5. Rotate students or groups.
Staying on topic is important to students, and a reminder of this may dissuade ill-prepared students from posting solely for credit. One way to manage this is to rotate students or groups to be the topic facilitators. Students will then hold each other accountable for the relevancy of the contributions to the topic at hand.

6. Create a safe environment.
The quickest way to shut down discussion is for someone to feel attacked. Students need (and deserve) to feel safe in class discussion (Doyle, 2005), and this is perhaps more challenging in the online environment, where typed messages are easily misinterpreted. Students report the need for an honest, open, and respectful environment. The instructor has the responsibility of setting this tone from the beginning. Model appropriate responses and challenges through additional questions.

7. Make expectations clear.
One challenge with online discussion is that it is not contained within the period of a class meeting. Students look for clear expectations and guide- lines, with an identified beginning and ending. Address this with a rubric that clarifies expectations of quality discus- sion, including how often, when, and how posts must contribute to the ongoing dialogue.

8. Use group discussions.
Students reported that they favored group discussion (these groups averaged five participants) and liked having assigned roles. Requiring students to rotate roles such as facilitator, researcher, summarizer, and questioner gave them purpose and eased anxieties. They knew their expectations and enjoyed the dialogue more. The quality and depth of the discussion also improves as the students engage further in higher-order thinking skills.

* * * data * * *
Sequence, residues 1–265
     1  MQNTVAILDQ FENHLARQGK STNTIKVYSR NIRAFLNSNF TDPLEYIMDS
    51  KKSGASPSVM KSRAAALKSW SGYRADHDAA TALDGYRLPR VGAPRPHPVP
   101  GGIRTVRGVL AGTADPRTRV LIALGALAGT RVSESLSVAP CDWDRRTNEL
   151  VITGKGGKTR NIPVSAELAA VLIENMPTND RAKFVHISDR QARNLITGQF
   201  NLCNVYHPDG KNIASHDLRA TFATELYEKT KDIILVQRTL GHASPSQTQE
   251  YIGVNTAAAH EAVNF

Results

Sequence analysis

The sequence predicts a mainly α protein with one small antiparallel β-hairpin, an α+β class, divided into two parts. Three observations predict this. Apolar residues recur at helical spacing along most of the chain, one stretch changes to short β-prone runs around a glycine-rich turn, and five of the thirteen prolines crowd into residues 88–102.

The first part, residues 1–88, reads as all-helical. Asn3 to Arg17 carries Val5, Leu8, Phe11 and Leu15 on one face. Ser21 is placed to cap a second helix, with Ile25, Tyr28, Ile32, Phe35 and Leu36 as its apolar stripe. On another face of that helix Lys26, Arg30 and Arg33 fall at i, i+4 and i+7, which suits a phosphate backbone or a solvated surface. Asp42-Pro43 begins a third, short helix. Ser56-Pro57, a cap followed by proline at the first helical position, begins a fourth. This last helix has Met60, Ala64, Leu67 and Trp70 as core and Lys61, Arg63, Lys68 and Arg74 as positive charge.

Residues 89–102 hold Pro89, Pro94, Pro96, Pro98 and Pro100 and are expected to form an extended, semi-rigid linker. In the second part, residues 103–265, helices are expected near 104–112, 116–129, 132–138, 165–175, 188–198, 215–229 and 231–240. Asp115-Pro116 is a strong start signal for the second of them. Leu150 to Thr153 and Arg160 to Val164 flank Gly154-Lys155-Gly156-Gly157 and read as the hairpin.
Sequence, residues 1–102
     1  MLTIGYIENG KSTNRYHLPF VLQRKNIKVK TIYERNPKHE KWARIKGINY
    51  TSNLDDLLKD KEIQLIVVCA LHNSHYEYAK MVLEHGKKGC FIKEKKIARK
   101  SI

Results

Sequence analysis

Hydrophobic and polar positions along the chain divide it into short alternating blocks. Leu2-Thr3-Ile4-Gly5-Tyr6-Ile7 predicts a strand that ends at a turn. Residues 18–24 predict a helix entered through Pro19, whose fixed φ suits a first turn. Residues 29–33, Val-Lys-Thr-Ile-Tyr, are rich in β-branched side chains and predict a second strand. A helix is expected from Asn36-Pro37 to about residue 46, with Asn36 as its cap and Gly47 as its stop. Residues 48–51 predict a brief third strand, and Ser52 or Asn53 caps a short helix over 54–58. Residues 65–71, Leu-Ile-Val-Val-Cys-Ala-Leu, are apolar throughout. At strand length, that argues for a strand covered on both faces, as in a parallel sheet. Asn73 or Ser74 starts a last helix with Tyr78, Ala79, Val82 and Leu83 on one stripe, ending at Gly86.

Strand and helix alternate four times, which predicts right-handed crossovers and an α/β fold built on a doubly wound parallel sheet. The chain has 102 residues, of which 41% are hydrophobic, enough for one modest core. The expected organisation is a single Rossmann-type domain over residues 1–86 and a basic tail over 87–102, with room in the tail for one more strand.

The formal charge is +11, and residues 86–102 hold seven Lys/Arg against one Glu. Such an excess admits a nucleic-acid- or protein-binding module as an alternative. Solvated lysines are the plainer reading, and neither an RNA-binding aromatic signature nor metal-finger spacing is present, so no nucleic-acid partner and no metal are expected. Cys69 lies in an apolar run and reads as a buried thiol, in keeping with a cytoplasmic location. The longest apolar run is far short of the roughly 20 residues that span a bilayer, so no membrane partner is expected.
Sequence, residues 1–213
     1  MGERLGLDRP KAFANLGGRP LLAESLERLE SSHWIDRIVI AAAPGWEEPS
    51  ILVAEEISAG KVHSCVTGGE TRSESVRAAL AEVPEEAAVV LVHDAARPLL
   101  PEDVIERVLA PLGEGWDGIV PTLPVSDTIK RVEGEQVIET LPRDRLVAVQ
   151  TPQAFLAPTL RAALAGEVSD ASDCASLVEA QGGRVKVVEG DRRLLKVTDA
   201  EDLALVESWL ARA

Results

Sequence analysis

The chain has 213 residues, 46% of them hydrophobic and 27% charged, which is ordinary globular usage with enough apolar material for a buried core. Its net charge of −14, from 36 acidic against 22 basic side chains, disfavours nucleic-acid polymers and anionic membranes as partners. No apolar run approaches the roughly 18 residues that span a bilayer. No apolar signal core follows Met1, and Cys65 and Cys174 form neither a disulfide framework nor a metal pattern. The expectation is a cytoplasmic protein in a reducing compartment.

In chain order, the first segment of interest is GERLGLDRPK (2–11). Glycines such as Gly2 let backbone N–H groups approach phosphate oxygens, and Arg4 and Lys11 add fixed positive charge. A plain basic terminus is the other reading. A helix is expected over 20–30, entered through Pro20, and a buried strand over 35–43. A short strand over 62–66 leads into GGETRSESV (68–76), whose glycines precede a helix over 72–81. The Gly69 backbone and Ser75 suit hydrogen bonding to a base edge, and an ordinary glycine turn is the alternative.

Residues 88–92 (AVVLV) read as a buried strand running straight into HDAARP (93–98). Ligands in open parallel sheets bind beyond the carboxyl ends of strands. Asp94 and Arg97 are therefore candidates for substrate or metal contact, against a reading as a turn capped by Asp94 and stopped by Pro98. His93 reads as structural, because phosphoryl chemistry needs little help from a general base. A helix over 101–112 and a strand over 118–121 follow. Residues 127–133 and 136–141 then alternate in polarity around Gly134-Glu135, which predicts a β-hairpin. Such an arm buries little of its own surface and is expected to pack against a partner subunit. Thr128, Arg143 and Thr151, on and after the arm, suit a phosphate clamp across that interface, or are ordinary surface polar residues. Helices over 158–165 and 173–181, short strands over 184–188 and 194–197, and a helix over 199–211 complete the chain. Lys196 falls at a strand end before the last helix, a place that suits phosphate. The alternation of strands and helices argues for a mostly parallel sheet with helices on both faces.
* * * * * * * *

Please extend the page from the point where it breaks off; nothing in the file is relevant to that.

A final note is to address the instructor’s role in the discussion. Be clear with your students about your own participation. Students report that an overly involved instructor will inhibit participation, as students will be waiting to hear the “correct” answer. In addition to the author’s own investigation, a study by Rourke & Anderson (2002) concluded that “student-led discussions provide a free and relaxed atmosphere for discussion, which makes students feel uninhibited in asking questions and challenging the statements of others” (p. 4).

References
Doyle, T. (2005, February 4). A real world model for classroom discussion. Lecture presented at Pew Faculty Teaching & Learning Center, Grand Valley State University.

Jenkinson, E. (1994, January). Writing assignments, journals, and student privacy. ERIC Clearinghouse on Reading, English, and Communication, digest #88. Retrieved October 15, 2007, from Indiana University School of Education website:
www.indiana.edu/ ~reading/ieo/digests/d88.html

Nielsen, J. (1997). How users read on the web. Retrieved October 15, 2007, from Nielsen Norman Group useit.com website:
www.useit.com/ alertbox/9710a.html

Rourke, L., & Anderson, T. (2002). Using peer teams to lead online dis- cussions. Journal of Interactive Media in Education, March, 2002(1), 4. Retrieved October 15, 2007, from The Open University, United Kingdom website: www-jime.open.ac.uk/ 2002/1/rourke-anderson-02-1-t.html